Some examples are in order:
  • I saw lightning in the sky.  We’d better go inside.
  • I am lightening my load by taking some books out of my backpack.
  • The sky is lightening as the sun comes up.

Now, here is where it gets confusing. “Lightening CAN refer to the flash of light in a thunderstorm, but only when it is used as a verb, to express action and NOT when it is used as a noun.

Confusing, right?  The best way to figure it out is to ask yourself, Would I use “thunder” or would I use “thundering “ to replace it? If you would use “thunder,” then use “lightning.”  If you would use “thundering,” then use “lightening.” You can remember it by associating the longer word “thundering” with the longer word “lightening.”

  • It is lightening outside. (You would say, “It is thundering outside.”)

  • I think we are going to have a lightning storm tonight. (You would say, “I think we are going to have a thunderstorm tonight.”)
  • There is lightning in our area tonight. (You would say, “There is thunder in our area tonight.”)

The instances where you would use the word “lightening” are really very rare.  When in doubt, use lightning.  

Thursday, May 30, 2013

Update on Meditation and My Blood Pressure

In my previous post, I shared how slow breathing, or meditation, can lower blood pressure, with or without using "helps," such as CDs, podcasts or the famous (and expensive) RESPeRATE machine.

After I started practicing slow breathing/meditation, I found my blood pressure readings becoming consistently lower. When I saw my doctor, she gave me surprising and happy news:  She said I could try going OFF the blood pressure medicine to see how I do. "Most people just want drugs, so that's what I give them," she explained.  "But if you're willing to use other methods, I'm willing to work with you." It was refreshing to hear that from a doctor.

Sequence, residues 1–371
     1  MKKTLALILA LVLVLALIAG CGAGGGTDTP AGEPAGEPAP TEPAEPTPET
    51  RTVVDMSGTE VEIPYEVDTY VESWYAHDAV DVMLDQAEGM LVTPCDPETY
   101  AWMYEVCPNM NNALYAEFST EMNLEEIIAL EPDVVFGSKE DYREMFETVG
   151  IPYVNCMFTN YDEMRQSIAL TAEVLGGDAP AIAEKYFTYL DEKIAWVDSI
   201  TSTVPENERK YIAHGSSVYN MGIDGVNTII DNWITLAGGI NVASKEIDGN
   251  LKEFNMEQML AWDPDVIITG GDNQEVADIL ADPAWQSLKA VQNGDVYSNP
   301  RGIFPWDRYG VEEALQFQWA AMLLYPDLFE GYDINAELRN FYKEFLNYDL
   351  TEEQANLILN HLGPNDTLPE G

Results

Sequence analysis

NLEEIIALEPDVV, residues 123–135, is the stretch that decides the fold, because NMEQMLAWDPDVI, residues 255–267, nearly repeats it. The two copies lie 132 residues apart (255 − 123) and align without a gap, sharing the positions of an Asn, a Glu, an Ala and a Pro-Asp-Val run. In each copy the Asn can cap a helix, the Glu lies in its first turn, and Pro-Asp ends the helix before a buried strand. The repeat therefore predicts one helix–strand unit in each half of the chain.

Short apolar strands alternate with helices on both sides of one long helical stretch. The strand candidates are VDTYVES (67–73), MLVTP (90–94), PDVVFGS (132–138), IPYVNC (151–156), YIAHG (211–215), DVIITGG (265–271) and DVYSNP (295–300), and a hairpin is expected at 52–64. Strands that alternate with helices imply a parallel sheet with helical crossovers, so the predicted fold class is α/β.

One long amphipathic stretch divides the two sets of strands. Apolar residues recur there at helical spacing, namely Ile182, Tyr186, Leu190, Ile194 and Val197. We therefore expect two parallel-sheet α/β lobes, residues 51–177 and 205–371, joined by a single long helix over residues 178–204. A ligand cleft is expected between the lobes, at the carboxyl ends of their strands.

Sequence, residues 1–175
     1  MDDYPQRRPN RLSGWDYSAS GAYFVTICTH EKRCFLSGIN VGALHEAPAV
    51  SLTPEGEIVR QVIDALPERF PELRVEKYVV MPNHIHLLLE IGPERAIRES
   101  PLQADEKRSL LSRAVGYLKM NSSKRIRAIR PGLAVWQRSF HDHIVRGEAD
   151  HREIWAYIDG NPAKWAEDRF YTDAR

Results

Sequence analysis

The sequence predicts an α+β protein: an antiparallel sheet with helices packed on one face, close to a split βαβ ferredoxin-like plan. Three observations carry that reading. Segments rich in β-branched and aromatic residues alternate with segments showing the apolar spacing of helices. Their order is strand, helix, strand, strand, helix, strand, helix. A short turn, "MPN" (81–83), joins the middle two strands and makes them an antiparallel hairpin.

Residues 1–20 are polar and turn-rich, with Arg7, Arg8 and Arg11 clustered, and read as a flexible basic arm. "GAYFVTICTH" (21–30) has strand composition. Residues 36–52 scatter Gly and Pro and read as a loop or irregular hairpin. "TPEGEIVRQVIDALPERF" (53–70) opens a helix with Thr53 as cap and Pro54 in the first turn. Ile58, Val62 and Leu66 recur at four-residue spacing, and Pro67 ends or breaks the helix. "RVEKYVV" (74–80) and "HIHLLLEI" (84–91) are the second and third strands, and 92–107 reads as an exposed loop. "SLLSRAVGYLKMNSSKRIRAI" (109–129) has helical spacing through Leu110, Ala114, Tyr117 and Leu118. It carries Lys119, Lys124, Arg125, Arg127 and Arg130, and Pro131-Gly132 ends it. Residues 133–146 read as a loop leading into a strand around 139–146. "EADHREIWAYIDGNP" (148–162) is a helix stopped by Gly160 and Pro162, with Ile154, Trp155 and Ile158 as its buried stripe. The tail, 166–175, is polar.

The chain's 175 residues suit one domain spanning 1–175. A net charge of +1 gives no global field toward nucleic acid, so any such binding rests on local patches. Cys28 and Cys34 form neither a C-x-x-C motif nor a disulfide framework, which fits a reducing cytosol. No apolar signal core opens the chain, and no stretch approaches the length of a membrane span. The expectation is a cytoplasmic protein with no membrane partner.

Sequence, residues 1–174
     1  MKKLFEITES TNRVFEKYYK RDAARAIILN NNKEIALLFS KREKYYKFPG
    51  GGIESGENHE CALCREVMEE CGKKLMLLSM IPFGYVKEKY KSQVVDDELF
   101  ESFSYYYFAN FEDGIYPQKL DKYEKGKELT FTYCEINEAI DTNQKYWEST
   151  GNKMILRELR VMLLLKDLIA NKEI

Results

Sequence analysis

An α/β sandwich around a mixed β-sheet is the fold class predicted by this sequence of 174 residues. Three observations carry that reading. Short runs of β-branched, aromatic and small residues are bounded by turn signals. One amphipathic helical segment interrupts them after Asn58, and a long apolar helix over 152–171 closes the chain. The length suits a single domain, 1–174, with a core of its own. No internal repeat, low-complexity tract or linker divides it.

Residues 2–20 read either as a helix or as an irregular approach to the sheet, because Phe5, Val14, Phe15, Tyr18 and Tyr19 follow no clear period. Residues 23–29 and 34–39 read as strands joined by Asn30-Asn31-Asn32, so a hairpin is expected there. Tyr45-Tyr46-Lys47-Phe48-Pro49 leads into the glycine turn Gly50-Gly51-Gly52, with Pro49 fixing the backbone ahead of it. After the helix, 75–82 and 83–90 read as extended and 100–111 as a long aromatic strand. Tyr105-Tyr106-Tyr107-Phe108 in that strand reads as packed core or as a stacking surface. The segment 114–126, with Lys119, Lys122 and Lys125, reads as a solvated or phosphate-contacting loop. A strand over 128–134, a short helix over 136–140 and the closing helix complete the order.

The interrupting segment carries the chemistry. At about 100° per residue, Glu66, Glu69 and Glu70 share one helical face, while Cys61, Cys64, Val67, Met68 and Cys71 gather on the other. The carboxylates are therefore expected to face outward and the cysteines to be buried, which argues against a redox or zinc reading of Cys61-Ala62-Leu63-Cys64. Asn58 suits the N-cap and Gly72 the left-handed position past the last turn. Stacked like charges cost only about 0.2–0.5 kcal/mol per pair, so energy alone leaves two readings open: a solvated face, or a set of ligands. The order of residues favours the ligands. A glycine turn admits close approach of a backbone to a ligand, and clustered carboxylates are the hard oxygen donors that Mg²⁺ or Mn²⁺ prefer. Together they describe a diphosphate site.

It's been almost two weeks now without the med, and so far my blood pressure has been stable.  A few times it has been a little bit above normal, but ten minutes of meditating will almost always bring it down.  Here are some examples:

Before meditating: 130/93. After meditating: 115/79
Before meditating: 128/90. After meditating:  114/80

What's even more exciting is that usually when I take my blood pressure without meditating, it gives me a completely normal reading, such as 117/77 or 118/84.  I haven't seen readings like that for over a year.

I've also varied the way I use the Jesus prayer in my meditation.  Sometimes I use the shortened form of the prayer: "Lord Jesus Christ, Son of God, have mercy on me."  I say it silently once as I inhale slowly and once as I exhale slowly.  I usually do about eight breaths per minute.

Meditative prayer has also greatly relieved my anxiety and depression.  I believe as I continue to practice it, I will notice other  health benefits as well.

Saturday, May 4, 2013

Alternatives to RESPeRATE Breathing Tool for High Blood Pressure